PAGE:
Special Investigations Unit (SIU)

Special Investigations Unit (SIU)

May 12, 2005 12:36 ET

SIU Concludes Investigation into Highway 401 Death

Attention: News Editor TORONTO--(CCNMatthews - May 12, 2005) - James L. Cornish, the Director of the Special Investigations Unit (SIU), has concluded there are no reasonable grounds to believe that a Toronto Police Service (TPS) officer committed a criminal offence in relation to the death of Alnoor Amarsi.

On March 6, 2005, Mr. Amarsi threw his child from the Don Mills Road overpass above the Highway 401 before jumping to his death. The SIU was notified TPS officers were on the bridge and that an officer may have been talking to the man at the time of the incident. SIU investigators were assigned to probe the extent of police involvement in Mr. Amarsi's death.

The SIU investigation determined that at approximately 4:27 p.m. that date, Mr. Amarsi's estranged wife reported to the police that Mr. Amarsi had called her several times and was threatening to kill himself and their child. The first two officers arrived at the woman's apartment at about 4:52 p.m. One officer spoke briefly with Mr. Amarsi over the telephone and told him to return the child; Mr. Amarsi hung up on the officer. As Mr. Amarsi continued to call his estranged wife, the officers in the home provided descriptions of the man and the child to the police dispatcher and attempted to trace Mr. Amarsi's cellular phone to pinpoint his location.

At about 5:11 p.m., a Sergeant arrived at the home and met with the two officers. Mr. Amarsi continued to call and speak with his estranged wife. In these calls, he repeatedly threatened to kill himself and their child before hanging up and then calling back. During one of these calls, the Sergeant got on the phone and talked to Mr. Amarsi, asking him what the police could do for him. Mr. Amarsi told the officer he had everything planned, that he was 4 hours away and that he knew the police were attempting to trace his call. He hung up on the officer.

At about 5:37 p.m., Mr. Amarsi's calls were traced to a cellular tower at 135 Fenelon Drive and 33 Division units were dispatched. At about 5:41 p.m., a citizen called police about a man and a child standing on the Don Mills Road overpass above Highway 401.

Officers responded to the Don Mills Road overpass and saw Mr. Amarsi standing on the bridge over the highway's westbound lanes. Four officers parked and exited their cars, and walked toward the man. Mr. Amarsi looked at the officers and almost immediately, dropped the child and jumped from the bridge. The evidence indicates there was no verbal communication between any of the four officers and Mr. Amarsi on the bridge.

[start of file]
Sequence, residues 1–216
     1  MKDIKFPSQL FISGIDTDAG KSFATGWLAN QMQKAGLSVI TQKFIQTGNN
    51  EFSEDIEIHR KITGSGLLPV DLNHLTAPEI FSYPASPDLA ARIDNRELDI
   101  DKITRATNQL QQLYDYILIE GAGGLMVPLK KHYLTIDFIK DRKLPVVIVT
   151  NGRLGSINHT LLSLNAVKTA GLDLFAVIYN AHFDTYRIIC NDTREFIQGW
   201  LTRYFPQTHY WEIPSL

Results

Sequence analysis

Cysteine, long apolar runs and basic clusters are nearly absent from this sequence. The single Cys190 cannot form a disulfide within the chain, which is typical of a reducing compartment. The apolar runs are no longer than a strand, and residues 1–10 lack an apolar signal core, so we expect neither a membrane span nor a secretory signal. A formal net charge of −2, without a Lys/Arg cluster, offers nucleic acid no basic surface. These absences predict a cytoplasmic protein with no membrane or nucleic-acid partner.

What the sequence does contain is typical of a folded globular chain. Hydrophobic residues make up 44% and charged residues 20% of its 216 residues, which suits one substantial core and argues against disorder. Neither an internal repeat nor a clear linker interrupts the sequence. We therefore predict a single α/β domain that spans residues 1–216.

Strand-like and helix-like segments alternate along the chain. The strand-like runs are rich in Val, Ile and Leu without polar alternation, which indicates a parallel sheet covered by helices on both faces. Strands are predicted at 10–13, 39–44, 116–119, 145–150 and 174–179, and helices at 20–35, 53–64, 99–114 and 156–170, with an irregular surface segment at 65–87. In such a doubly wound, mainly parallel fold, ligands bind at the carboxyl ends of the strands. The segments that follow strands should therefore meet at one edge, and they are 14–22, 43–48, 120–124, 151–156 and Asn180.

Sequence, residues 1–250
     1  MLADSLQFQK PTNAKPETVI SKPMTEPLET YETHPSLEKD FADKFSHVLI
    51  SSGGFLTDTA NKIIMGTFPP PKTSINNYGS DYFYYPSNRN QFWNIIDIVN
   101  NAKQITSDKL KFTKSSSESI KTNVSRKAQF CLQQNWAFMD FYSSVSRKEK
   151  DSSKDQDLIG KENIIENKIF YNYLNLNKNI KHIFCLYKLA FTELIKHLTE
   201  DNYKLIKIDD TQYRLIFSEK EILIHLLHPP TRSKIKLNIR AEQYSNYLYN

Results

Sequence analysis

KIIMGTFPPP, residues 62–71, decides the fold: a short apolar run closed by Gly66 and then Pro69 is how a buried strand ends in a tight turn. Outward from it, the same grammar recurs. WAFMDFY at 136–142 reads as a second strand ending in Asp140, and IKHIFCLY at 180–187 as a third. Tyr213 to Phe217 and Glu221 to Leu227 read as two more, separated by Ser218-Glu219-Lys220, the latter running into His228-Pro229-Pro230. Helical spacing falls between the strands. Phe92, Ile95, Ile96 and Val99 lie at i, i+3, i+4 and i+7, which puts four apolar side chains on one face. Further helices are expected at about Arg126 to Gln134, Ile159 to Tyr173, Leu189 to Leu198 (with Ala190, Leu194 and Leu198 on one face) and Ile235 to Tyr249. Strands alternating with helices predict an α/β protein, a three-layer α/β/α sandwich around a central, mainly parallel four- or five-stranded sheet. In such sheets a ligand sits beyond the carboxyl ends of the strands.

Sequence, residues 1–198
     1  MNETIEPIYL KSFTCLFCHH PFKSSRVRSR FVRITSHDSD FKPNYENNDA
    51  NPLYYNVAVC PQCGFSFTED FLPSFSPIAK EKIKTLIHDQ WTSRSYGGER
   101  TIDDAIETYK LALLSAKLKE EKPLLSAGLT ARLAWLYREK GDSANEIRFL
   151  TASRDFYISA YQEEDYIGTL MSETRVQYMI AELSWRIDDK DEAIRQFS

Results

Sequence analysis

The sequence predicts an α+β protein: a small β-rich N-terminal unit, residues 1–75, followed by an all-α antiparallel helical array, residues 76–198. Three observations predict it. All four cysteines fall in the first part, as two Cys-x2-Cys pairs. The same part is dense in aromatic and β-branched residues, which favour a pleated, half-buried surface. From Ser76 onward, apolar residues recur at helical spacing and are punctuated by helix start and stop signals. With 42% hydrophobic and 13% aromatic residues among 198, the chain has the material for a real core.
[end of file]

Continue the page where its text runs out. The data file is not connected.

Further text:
Mr. Amarsi jumped at about 5:45 p.m. and died of blunt force injuries. The child was admitted to hospital with multiple serious injuries and eventually recovered sufficiently to be released back to her mother.

Director Cornish concluded that the two TPS divisions involved in this case had just connected the incident unfolding at the estranged wife's home to the incident on the bridge, when Mr. Amarsi tried to kill his own daughter and then successfully killed himself. The Director stated, "I do not believe that any of the officers did anything to cause or contribute to this tragedy. Similarly, I do not believe that there was anything the officers could have tried that would have prevented it."

The SIU is a civilian agency that investigates circumstances involving police and civilians which have resulted in serious injury, sexual assault or death. Under Part VII, Section 113, of the Police Services Act, the Director of the SIU has the sole authority to decide whether or not charges are warranted based on the findings of a complete investigation. The Director's decision is reported to the Attorney General.

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Rose Bliss
SIU Communications/Service des communications, UES
Telephone/No de telephone: 416-622-2342 or/ou 1-800-787-8529
IN: JUSTICE

Contact Information

  • Rose Bliss, Communications Manager, Special Investigations Unit
    Primary Phone: 416-622-2342